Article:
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6/5/2013. Design for a Lifetime. Preparing Your Home for Successful Aging. NYPL FACILITATOR: Brigid Cahalan, MLS. MODERATOR: Lorraine G. Hiatt, Ph.D. Environmental Gerontologist. PANELISTS:. Gail Ressler, Interior Designer.

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  1. 6/5/2013 Design for a Lifetime Preparing Your Home for Successful Aging NYPL FACILITATOR: Brigid Cahalan, MLS MODERATOR:Lorraine G. Hiatt, Ph.D. Environmental Gerontologist PANELISTS: Gail Ressler, Interior Designer Joelle Lichtman, Interior DesignerManny Feris, Lighting SpecialistPhyllis Sperling, Architect May 28, 2013 5:30-7:30 Schwarzman Building South Court Auditorium Design for Aging Committee Design for a Lifetime - OUTLINEWhat and Why This is Important 1. How to Make It (“Design”) Happen? 2. Bath and Kitchen Design 3. Does Your Furniture Support Your? 4. Lighting Solutions 5. Auditory Solutions 6. Resources Questions and Responses 1

  2. 6/5/2013 Lorraine G. Hiatt, Ph.D. Environmental Phyllis Sperling, AIA Gerontologist Architect National Design Consultant and 44 Professor Emeritus years Design Research City Tech CUNY phyllis.sperling@gmail. lghiatt@aol.com com Gail Ressler, BS Interior Design griD.Business and Manny Feris, LEED Residential Interiors, ™ P, Lighting Specialized in Aging in Specialist, Lutron Place, Universal OEM Team Designgailressler@gm mferis@lutron.com ail.com Joelle Lichtman, MA Brigid Cahalan, MLS Design Consultant, Outreach Librarian and NY Home Safety NY Public Library Assessments for Older brigidcahalan@nypl Adults .org Joelle.lichtman@gmail. com Gather Ideas, Work with Others New York Times 12/14/1998 ! Rosemary Bakker, MS, ASID RosemaryBakker.comrbdesign@earthlink.net http://www.ies.org/store/product/lighting-and-the-visual-environment-for-senior-living-1032.cfm 2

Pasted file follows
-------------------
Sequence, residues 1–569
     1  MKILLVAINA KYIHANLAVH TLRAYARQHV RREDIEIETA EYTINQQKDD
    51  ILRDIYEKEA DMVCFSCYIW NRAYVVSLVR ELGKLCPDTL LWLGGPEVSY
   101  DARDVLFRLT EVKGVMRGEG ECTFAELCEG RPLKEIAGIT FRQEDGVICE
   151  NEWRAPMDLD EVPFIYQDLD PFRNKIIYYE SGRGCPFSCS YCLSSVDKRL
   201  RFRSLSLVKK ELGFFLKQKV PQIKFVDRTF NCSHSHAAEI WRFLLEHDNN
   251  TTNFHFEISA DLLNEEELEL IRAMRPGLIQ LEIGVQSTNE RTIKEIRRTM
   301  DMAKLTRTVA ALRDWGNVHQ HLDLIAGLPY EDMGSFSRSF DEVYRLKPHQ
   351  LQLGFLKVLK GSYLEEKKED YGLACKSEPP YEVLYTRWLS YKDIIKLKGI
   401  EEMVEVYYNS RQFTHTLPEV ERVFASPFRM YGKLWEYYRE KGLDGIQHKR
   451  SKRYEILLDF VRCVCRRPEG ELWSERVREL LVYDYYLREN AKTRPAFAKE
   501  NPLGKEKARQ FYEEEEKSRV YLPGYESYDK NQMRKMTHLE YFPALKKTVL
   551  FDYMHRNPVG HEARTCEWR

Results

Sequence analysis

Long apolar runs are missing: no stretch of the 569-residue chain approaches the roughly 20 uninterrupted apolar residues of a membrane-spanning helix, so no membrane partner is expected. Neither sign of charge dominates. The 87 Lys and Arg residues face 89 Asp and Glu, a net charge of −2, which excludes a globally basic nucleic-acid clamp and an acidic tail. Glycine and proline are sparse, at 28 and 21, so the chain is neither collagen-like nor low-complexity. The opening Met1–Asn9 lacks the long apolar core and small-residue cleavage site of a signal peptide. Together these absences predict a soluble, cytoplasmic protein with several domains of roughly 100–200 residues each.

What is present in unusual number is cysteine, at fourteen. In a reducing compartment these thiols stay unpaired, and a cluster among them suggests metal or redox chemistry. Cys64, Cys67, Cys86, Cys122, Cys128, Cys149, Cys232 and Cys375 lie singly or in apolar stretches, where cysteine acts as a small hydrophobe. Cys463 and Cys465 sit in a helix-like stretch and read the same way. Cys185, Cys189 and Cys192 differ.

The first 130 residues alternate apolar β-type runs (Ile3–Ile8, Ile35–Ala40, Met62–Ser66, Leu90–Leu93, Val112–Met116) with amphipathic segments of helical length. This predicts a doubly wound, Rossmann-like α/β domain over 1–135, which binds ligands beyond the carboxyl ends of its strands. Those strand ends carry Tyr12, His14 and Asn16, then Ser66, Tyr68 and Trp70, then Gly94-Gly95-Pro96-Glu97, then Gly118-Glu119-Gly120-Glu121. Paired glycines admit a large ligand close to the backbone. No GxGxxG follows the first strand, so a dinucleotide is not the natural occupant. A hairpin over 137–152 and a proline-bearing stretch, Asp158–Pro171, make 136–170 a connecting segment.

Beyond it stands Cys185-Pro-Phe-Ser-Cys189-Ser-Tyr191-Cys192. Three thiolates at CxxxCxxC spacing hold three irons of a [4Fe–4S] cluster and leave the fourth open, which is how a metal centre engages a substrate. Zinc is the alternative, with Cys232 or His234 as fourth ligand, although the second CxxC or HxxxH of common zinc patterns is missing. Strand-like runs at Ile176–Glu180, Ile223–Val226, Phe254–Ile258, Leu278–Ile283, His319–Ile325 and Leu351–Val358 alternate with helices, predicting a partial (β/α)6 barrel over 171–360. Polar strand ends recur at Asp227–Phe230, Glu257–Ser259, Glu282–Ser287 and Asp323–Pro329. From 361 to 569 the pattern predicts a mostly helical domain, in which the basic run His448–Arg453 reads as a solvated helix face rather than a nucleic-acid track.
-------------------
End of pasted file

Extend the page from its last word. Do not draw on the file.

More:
3. 6/5/2013 Combine Lists and Users’ Priorities For more info: www.lghiatt@aol.com Capabilities We Bring to Living Visual Discernment: “See, Use with Contrast”: Hearing/Understanding: Less Noise Movement: “Building Balance, gility” Judgment: Safely Use What we Have 3

  4. 6/5/2013 Design for Living in One Place? Memory Loss in Urban Apartments͙. Memory for Safety • Can I Reliably Make Needs Known? • Do I Follow-through on Important Aspects of Daily Life, SelfCare? • Will I Exit Under Own Power from Signal, Instruction? • Am I Living Well? http://well.blogs.nytimes.com/2012/12/24/staying-independent-in-old-age-with-a-little-help/ How to Make it Happen Phyllis Sperling Architect 4

  5. 6/5/2013 Do I need anArchitect or Interior Designer? http://seniorcarecorner.com/top-10-design-trends-for-aging-in-place And, what’s is the difference? Architect? Interior designer? 5

  6. 6/5/2013 In NYC you need an architect if you plan to make significantalterations to your apartment, or even to one room. Moving partitions, changing plumbing locations and anystructural changes require that you file with the NYCDepartment of Buildings. Only an architect or engineer can file with the DOB. http://www.huduser.org/portal/publications/pdf/fai rhousing/fairch7.pdf A major modification like this will likely requirean application to the DOB. http://mlkinteriors.com/aging-in-place.html 6